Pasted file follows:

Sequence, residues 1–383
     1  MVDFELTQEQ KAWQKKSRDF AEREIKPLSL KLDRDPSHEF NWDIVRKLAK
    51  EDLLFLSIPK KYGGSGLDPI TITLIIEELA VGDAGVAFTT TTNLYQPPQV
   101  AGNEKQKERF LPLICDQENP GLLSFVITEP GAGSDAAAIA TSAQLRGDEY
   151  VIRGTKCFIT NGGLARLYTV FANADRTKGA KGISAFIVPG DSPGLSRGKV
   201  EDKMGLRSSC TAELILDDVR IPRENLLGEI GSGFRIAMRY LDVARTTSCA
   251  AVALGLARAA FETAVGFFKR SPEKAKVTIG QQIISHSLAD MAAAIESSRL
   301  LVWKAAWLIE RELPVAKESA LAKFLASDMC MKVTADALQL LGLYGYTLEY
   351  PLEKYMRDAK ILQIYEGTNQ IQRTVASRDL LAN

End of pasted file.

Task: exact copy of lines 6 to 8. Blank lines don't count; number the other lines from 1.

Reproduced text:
   201  EDKMGLRSSC TAELILDDVR IPRENLLGEI GSGFRIAMRY LDVARTTSCA
   251  AVALGLARAA FETAVGFFKR SPEKAKVTIG QQIISHSLAD MAAAIESSRL
   301  LVWKAAWLIE RELPVAKESA LAKFLASDMC MKVTADALQL LGLYGYTLEY